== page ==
Last post on Nov 07, 2013 at 7:33 AM
You are in the Toyota Highlander
What is this discussion about?
Toyota Highlander, SUV
#4905 of 5330 Re: pads [05highlander05]
Jul 03, 2010 (7:10 am)
There is definitely a safety margin that gives you several thousand miles of normal driving after you hear a brake wear sensor. If you are sure the brake pads are really down to a fraction of a millimeter and want the convenience of scheduling the brake job it might make sense to get the brakes attended to earlier.
I replace the pads myself and always wait for a warning from a sensor. So far I have never had to do anything with the rotors after the first set of pads. There is not a single answer for everybody -- it depends on how how much you value the convenience of knowing your brakes are not going to need work in the near future.
The reason I got interested in this whole brake wear issue is that the service adviser at the Toyota dealer in Delray Beach Florida told me that my brake pads were almost "metal to metal" when my Highlander had its 40,000 mile service. I checked and saw that he was lying. At the 45,000 serve another adviser told me my brakes were nearing the point of needing work, but were still okay (same brakes that were metal to metal 5,000 miles earlier). At the 50,000 mile service I was told that my brakes were so badly worn it wasn't safe for me to drive home and was really pressured me to get the brakes replaced. I was also told that my rear rotors were totally worn out and needed replacing. More lies. I will be going in for my 55,000 mile service next month and wonder what I will be told.
During all of these warning I was told that my 2005 Highlander does not have brake wear sensors -- another lie. Okay, I can look out for myself, but what about people who don't know about cars and can't afford to get a brake job done 15 or 20 thousand miles before it is needed. Several times I have seen women with children crying while waiting in the line to pay the cashier . . . wonder how much money the dealer cheated them out of.
Jul 03, 2010 (10:06 am)
My rear pads have 2mm. Front have 3mm. Should I change them all and ask to feel the rotors for grooves and if there are not too many should I tell the mechs ic to just replace the pads?
#4907 of 5330 Re: Pads [05highlander05]
Jul 03, 2010 (11:01 am)
I have a new set of Toyota pads in front of me. The new rear pads have a 9.5 mm thick chunk of braking material and the rears 12 mm. So your rear pads have 21% of the original life left and the rears 25%. I can't remember how many miles you have on your Highlander; if it is 50,000 that means you still have more than 10,000 miles left before they are completely gone. So another 5,000 to 7,000 should be safe unless you change your driving habits. Again, the wear senors will warn you when you get close.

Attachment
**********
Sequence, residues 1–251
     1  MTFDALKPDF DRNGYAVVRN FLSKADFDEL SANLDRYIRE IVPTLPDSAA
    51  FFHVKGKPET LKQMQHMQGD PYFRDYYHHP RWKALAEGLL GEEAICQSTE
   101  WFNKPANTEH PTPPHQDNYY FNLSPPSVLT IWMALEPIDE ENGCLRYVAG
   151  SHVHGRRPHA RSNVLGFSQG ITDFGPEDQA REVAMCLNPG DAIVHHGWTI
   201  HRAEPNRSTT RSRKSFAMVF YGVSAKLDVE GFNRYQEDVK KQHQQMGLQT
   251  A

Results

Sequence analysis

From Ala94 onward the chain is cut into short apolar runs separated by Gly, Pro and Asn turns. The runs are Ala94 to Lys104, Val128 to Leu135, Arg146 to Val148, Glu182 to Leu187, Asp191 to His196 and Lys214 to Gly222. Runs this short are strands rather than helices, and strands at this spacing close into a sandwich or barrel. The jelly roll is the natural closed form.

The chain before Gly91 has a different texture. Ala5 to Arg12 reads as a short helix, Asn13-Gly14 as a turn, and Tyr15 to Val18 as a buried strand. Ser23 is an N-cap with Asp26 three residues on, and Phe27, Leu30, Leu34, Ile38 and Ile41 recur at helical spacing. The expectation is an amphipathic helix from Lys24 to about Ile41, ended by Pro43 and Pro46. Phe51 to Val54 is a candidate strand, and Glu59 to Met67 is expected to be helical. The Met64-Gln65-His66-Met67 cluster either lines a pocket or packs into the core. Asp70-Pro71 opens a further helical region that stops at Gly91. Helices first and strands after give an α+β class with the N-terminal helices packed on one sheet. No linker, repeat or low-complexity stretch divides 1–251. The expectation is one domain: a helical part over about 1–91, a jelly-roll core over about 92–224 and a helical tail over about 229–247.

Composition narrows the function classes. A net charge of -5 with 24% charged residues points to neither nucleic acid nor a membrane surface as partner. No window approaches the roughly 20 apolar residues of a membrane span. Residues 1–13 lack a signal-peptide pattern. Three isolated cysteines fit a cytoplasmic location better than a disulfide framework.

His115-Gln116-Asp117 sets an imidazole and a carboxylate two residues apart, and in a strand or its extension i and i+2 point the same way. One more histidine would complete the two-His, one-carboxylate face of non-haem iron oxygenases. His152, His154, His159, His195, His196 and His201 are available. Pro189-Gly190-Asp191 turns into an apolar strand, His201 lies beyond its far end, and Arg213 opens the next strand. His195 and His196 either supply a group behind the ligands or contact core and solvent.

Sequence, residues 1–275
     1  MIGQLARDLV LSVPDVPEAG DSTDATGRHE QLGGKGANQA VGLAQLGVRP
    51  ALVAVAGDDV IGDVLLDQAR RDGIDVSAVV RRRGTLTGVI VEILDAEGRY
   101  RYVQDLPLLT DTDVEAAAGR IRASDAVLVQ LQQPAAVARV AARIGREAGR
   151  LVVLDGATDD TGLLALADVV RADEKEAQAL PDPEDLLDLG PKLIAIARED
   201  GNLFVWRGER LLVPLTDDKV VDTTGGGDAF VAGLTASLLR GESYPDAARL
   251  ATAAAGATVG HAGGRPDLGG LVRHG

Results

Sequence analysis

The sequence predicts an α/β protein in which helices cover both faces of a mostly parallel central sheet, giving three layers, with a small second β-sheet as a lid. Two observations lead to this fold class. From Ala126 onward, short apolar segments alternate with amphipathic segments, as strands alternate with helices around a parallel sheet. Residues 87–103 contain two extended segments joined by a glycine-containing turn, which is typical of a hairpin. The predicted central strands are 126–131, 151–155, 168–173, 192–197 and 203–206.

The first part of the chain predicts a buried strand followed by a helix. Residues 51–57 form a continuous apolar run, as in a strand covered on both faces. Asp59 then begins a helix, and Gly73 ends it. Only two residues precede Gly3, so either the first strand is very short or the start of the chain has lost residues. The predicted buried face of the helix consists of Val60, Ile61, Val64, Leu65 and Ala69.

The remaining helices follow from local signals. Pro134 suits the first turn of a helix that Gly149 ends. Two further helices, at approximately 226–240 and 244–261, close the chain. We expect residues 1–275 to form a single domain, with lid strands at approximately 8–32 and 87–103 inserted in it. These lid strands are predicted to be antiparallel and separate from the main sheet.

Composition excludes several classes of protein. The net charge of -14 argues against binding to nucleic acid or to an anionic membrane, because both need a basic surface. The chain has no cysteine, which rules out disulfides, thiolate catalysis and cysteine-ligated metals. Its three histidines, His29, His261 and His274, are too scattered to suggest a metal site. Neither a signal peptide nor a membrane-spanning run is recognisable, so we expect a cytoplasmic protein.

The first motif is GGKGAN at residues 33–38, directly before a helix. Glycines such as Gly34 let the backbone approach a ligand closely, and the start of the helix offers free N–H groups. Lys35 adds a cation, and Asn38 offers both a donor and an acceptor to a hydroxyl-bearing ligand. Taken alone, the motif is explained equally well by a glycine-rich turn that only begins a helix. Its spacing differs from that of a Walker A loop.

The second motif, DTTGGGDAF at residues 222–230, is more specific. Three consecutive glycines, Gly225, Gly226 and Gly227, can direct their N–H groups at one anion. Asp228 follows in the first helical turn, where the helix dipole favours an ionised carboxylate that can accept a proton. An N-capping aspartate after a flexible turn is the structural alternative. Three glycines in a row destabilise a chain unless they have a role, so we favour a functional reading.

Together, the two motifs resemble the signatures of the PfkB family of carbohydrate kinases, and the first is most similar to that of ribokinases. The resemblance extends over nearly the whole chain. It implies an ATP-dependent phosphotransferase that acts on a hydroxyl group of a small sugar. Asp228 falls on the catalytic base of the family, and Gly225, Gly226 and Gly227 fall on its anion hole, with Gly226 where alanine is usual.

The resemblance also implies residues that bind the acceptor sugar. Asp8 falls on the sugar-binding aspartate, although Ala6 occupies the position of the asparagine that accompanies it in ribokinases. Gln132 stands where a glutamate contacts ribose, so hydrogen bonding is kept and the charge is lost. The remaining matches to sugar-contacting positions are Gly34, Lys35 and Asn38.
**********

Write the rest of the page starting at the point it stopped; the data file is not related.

You should be able to see and feel the grooves in the rotors through the wheels. It is not so much a matter of how many grooves as how deep they are. The new pads will wear to the shape of the grooves unless they are incredibly deep. In my experience dealers will always recommend resurfacing or replacing rotors. I have never actually seen rotors in a fairly new car -- less than 100,000 miles -- that needed replacing. I'm talking about street cars, not racers.
Jul 03, 2010 (11:19 am)
I have 60k miles. So basically they are ok until the next oil change approx.? What I will do is have the mechanic lift it up in the air and show me all 4 rotors
At that point I will tell him to resurface them or not. I don't do heavy braking which is why I got 60k miles out of them so that's a good sign. When the sensors come on how many mikes do I have left before being in trouble generally? I would rather just change them out and be safe, but what's your thought on it?
Jul 03, 2010 (12:10 pm)
You're worrying too much, and making this more difficult than it needs to be.
Change the pads within a week or a couple hundred miles when you start hearing the wear pad sensor. It will sound like a bird chirping.
Do you have any kind of steering wheel vibrations when braking? If so, tell him to turn the rotors. If not, insist that they leave them alone.
My 04 HL has 58K miles, and that's exactly what I'm doing.
Jul 03, 2010 (12:21 pm)
So your saying the sensor will come inside my car when its time to change the pads. I understand that part. I just didn't want that to affect the rotors so much if I don't do it in time. I guess my schedule is open now vs later when it night not be ...ao I'm just gonna so it.
I have slight vibration but its barely noticeable.
#4911 of 5330 Re: 05hl05 [05highlander05]
Jul 04, 2010 (8:56 am)
The wear sensor is actually just a little finger of metal that is designed to touch the rotor when the pad gets nearly worn out. The post that said it sounds like a bird is pretty close -- when the finger touches the rotor it makes a distinctive sound you can hear when you apply the brakes. The sensor is designed so that it doesn't hurt the rotor when it starts its howl, or chirp, or hum . . . or whatever you want to call it.
Jul 04, 2010 (9:09 am)
I see. Well since time isn't on my side I would like to just get it out of the way. Pads at 2-3mn are pretty close to needing replacing anyway. How great is that to drive 60k before the pads need replacing.
#4913 of 5330 Re: pads [tsotsi]
Jul 05, 2010 (3:59 am)
Whoever told you that your '05 HL doesn't have brake wear sensors should be fired and barred from working in the auto industry EVER. The sensors are required by federal law, and have been for years.
Jul 05, 2010 (1:57 pm)
I was told the same thing a couple of years ago about my '04 FWD Highlander by the dealer in Acton, Massachusetts. They claimed no break wear sensors, and that my pads were metal to metal. Responses in this forum claimed that was a bunch of baloney.